CAMBODIA’S stock exchange will require listings in riel but will initially allow dual currency settlements, according to the Securities and Exchange Commission of Cambodia.
“The issuing of securities shall be completed in riel and the quotation of securities in the [Cambodia Securities Exchange] shall be conducted in riel,” it said in a statement issued late last week.
Settlements between buyers and sellers, however, will be allowed in both dollars and riel during the first three years of the bourse’s operation, it said.
Government policy is to promote usage of the domestic currency in order to facilitate economic development, said SECC Director General Ming Bankosal. The dual options for settlements reflected the widespread use of the dollar, he said.
“We will use the riel, but we also recognise [there is interest in] widely using US dollars in the Cambodian securities markets,” he said yesterday.
The Cambodian economy is currently highly dollarised. The National Bank of Cambodia has estimated the greenback accounts for more than 90 percent of currency in circulation, but has also stated it is committed to dedollarisation.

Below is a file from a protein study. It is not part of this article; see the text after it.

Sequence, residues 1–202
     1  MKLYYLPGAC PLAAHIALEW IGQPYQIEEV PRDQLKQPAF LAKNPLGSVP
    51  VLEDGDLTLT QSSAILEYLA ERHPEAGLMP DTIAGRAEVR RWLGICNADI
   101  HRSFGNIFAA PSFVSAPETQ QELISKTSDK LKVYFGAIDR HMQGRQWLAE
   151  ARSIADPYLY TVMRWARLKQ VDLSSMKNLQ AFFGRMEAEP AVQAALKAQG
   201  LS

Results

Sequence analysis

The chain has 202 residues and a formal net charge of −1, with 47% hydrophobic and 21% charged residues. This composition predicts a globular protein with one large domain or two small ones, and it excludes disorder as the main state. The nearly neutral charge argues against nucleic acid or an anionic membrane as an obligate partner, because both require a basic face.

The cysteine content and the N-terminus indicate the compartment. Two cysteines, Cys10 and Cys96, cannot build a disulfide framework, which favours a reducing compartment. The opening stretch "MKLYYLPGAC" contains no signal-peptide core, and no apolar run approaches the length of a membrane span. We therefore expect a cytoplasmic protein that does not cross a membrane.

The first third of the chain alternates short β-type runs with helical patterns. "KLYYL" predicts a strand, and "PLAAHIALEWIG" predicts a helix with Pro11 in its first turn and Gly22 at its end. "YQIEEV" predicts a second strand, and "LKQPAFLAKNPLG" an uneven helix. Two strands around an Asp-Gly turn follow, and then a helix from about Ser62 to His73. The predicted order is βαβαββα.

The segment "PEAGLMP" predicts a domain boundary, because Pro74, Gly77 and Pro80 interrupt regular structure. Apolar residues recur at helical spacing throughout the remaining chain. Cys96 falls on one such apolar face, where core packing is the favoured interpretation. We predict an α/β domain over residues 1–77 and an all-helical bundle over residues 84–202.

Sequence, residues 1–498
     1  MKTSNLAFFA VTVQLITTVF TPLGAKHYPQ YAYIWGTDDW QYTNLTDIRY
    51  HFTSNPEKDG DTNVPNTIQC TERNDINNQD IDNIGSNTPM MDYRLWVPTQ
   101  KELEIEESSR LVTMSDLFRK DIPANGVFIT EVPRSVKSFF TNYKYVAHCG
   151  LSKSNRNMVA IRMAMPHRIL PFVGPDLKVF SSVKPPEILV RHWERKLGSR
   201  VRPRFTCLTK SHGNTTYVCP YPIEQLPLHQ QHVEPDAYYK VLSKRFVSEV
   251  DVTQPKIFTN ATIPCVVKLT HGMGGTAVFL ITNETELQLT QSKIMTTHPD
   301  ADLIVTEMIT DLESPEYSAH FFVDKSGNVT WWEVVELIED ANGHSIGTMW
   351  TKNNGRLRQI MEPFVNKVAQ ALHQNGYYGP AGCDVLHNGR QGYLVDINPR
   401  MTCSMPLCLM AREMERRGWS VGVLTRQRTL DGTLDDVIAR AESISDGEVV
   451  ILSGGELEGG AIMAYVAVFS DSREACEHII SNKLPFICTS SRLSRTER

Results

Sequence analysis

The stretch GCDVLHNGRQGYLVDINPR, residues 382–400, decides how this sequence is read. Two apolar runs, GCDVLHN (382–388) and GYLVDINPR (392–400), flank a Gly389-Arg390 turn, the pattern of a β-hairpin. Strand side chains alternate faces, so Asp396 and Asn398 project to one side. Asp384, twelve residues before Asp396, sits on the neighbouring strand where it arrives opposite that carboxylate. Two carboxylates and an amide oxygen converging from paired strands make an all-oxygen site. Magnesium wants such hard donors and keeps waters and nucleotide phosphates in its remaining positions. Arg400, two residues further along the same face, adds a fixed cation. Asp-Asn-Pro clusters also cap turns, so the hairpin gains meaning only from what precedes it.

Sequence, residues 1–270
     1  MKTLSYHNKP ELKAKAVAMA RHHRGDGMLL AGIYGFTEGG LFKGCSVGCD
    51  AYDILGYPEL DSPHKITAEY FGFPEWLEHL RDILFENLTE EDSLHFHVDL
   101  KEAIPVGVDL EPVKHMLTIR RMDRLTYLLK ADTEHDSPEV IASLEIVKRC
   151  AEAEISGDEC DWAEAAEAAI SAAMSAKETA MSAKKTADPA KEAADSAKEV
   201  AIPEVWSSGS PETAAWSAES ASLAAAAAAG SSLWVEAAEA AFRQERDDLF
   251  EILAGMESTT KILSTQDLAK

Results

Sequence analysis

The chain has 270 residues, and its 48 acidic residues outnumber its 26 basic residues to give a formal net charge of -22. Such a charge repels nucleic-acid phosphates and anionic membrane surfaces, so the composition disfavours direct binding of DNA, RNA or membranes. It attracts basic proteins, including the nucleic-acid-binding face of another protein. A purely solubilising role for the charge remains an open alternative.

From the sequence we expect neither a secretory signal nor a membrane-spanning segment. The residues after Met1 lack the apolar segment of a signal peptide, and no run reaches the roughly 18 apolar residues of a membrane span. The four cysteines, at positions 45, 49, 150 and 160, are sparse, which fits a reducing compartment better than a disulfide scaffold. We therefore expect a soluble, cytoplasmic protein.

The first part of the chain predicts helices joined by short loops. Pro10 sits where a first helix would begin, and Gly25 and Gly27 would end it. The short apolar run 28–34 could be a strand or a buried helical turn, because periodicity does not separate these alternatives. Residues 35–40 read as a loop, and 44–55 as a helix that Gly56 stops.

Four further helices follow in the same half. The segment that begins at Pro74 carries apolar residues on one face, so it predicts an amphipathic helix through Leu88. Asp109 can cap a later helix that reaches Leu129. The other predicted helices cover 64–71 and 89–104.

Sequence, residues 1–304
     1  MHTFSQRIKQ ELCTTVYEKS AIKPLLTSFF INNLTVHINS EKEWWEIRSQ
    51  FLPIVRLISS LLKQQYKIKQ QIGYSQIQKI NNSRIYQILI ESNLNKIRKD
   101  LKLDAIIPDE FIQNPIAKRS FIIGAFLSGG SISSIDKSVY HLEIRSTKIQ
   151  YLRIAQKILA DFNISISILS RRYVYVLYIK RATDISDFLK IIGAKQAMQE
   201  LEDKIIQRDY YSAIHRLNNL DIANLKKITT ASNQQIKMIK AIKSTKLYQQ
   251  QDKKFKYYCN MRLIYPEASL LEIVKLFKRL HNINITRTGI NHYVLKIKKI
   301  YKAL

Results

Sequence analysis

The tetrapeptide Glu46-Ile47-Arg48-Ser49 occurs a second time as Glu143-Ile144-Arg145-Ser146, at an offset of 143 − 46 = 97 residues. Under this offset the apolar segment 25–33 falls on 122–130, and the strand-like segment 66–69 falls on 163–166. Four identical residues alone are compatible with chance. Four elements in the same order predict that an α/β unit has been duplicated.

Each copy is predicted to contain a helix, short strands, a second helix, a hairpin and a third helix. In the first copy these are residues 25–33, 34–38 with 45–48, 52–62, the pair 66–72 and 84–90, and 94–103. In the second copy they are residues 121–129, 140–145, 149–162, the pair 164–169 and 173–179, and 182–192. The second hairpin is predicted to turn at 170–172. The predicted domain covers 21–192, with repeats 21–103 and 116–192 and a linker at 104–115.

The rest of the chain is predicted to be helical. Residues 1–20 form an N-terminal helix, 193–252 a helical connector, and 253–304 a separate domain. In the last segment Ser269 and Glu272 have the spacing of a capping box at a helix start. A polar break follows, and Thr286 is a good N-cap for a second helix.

Private sector officials said yesterday they were supportive of the decision.
ACLEDA Bank CEO and President In Channy said yesterday that initially allowing bourse settlement in either dollars or riel would invite more participation in the exchange, which is due to launch this July.
Banks currently more deposits than outstanding loans, meaning there was excess liquidity available which could be invested in securities, he said. “The stock exchange does allow small investors the great opportunity of owning a portion of … a large corporation,” he said.
Leopard Capital Managing Partner Scott Lewis said most countries – including neighbouring Laos – successfully used local currencies for listings. “The government has a clear policy to encourage use of the riel and I think it’s appropriate to list the stocks in riel,” he said yesterday.
Although there could be concerns over currency risk, the government does keep the riel in a fairly tight band against the United States dollar, he said. He also hoped companies would continue to be allowed to disclose financial results and complete accounting in dollars.
Leopard has two interests in the Cambodian exchange – it has a few companies in its portfolio that may list, and could also pursue opportunities to buy shares in some of the first companies to list.
Scott Lewis also stressed that it was important that companies were ready to float and the regulatory framework was in place for the exchange to succeed.
“If that takes six months or it takes three years, I’m indifferent. I’d rather have them do it right, and more time allows more companies to become mature and become listing candidates,” he said. “So I don’t think there’s any rush.”